Banks shun Government code of conduct on tax

The Chancellor is ramping up the pressure on the banks by giving them two weeks to sign up to a (voluntary) code. Or what?

by Dave Waller
Last Updated: 09 Nov 2010
Apparently only four of the UK's biggest 15 banks have signed up to a Government code of conduct on taxation, which sets out how they should behave in relation to their tax affairs (or those of their clients). Since the code came in under Labour back in June 2009, that's hardly an inspiring rate of take-up. Now George Osborne has opened up yet another front in the Coalition's ongoing battle with the banks by pledging to make the rest sign within a fortnight. And with the Spending Review imminent, it'll be very difficult for them to turn him down...

While Lloyds, RBS and Northern Rock have all signed, the only bank without substantial state ownership to do so is Standard Chartered. Others like HSBC, Santander and Barclays have kept all their t’s non-crossed and their i’s conspicuously undotted. According to the Guardian (for whom this issue is a particular hobby horse) Barclays apparently believes it already complies, and HSBC is minded to sign up - although the fact it hasn’t yet done so in 16 months suggests a pen that’s hardly racing to that dotted line.

The code is designed to instil a sense among banks of the wider repercussions of how they act – or advise their clients to act – around tax avoidance; it recommends that banks adhere to the spirit rather than just the letter of the law when advising on such schemes. And the stakes are high: according to a tax expert commissioned by the TUC, the banks could avoid as much as £19bn in tax over the next few years by offsetting their recent losses against future profits.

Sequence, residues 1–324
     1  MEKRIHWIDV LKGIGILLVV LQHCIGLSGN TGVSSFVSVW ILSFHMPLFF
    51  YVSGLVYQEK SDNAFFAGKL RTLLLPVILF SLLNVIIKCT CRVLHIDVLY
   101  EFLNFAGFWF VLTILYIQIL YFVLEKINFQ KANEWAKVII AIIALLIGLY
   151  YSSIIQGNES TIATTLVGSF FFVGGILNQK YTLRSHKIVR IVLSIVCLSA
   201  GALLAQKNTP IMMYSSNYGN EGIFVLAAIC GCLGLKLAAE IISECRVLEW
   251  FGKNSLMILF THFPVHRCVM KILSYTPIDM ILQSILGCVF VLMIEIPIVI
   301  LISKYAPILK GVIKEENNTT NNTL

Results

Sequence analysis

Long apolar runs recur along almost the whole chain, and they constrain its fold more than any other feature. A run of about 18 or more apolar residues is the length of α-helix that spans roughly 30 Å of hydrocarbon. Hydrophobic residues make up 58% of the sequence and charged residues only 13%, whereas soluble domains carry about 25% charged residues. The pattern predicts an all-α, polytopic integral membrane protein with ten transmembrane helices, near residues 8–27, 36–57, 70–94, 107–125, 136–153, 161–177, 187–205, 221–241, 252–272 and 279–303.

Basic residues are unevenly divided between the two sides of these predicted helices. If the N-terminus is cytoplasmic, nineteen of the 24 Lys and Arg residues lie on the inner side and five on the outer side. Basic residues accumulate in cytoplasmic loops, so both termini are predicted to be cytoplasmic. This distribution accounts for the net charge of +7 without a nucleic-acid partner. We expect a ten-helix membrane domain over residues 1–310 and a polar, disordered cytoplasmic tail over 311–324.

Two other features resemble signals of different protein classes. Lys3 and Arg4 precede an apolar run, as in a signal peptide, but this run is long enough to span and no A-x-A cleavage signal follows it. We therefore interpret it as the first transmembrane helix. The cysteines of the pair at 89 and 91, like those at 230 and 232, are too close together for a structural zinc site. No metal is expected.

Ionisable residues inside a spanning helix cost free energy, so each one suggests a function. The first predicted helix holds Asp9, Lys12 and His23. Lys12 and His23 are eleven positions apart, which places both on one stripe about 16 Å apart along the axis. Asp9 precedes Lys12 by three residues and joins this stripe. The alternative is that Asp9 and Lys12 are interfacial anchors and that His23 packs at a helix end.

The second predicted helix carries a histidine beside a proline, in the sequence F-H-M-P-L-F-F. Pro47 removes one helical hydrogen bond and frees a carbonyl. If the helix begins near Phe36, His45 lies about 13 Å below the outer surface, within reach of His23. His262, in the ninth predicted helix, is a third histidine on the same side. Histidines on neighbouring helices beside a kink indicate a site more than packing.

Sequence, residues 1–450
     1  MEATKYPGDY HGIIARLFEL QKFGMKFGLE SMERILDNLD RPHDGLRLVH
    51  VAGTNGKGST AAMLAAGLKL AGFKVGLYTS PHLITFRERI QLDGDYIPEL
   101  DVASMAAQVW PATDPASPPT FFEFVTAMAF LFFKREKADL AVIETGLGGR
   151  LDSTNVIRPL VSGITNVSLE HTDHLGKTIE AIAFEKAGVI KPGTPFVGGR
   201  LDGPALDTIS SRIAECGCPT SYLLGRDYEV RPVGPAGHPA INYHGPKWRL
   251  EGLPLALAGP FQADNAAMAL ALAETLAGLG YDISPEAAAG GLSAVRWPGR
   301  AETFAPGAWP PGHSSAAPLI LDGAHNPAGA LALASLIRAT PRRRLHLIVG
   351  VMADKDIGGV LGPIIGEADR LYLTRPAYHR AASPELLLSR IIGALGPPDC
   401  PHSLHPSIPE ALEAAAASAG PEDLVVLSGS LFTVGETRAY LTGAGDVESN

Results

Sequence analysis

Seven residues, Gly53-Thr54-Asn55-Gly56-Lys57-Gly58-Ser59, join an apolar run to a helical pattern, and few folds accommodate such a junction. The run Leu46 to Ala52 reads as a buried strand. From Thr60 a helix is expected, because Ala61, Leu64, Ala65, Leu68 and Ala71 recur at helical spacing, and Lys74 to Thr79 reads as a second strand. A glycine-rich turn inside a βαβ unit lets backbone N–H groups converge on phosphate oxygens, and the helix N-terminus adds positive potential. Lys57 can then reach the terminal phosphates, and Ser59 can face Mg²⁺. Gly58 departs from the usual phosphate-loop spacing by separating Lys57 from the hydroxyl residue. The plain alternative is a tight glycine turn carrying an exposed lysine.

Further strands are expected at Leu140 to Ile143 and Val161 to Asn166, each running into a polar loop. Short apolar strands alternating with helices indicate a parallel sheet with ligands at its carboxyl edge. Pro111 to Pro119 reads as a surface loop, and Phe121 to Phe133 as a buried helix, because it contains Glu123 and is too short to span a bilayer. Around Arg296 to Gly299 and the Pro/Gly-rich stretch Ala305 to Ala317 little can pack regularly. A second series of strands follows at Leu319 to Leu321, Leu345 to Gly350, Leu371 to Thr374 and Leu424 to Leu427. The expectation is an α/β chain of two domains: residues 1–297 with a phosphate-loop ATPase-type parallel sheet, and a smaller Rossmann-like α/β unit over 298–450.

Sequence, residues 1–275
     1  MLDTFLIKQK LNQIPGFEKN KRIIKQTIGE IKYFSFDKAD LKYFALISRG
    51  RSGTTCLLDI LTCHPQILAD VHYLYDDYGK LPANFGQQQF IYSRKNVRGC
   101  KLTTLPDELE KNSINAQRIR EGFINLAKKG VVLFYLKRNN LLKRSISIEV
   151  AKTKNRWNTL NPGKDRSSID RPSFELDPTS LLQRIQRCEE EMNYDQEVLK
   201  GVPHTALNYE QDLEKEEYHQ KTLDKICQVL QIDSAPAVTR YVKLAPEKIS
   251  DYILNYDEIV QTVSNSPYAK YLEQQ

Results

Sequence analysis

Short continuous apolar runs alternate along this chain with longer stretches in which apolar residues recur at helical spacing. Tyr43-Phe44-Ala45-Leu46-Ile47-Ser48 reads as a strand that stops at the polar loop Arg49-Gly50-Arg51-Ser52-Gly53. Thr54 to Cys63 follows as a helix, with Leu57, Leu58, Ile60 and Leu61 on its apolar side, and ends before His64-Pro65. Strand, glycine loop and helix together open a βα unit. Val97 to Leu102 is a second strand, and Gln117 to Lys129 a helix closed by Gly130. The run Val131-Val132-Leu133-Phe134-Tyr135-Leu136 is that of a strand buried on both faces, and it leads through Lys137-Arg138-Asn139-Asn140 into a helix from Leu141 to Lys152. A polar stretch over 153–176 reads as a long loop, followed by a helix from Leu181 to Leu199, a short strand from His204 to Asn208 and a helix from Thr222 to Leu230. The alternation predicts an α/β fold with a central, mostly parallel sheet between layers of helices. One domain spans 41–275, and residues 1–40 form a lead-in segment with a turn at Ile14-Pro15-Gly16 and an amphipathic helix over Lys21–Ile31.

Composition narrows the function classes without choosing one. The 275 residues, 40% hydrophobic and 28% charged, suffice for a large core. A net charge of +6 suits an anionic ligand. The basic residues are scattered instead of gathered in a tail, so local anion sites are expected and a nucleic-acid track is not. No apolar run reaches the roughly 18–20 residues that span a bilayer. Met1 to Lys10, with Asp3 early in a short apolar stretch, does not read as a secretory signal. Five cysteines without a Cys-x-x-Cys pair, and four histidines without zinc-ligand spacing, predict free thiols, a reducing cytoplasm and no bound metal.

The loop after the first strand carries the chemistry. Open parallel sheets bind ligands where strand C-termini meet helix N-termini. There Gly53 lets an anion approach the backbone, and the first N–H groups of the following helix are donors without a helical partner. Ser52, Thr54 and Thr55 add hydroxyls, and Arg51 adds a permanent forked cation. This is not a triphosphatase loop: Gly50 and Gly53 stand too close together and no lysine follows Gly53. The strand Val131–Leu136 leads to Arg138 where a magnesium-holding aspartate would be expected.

Since the Exchequer needs every penny it can get at the moment, Osborne is on the warpath, promising to make the banks comply by November. The timing of this is surely significant: banks are already public enemy number one, and when the axe starts falling after Wednesday, their tax shenanigans (not to mention their fat bonuses) will be even less palatable to the wider public. So it's going to be tricky for them to say no, regardless of what they really think of the plan. And even if we're not sure what the Chancellor can actually do if they opt to play hardball.

We're already seeing some signs of the banks moderating their approach: Barclays chief John Varley has been telling the FT how sensible the new Basel III rules are, while even Goldman Sachs is reportedly planning to turn over a new leaf in the way it reports and relates to the outside world. With bonus season looming, they need to start building bridges fast. This might be one way of doing it - even though the cost to the bottom line in the short term may be painful.

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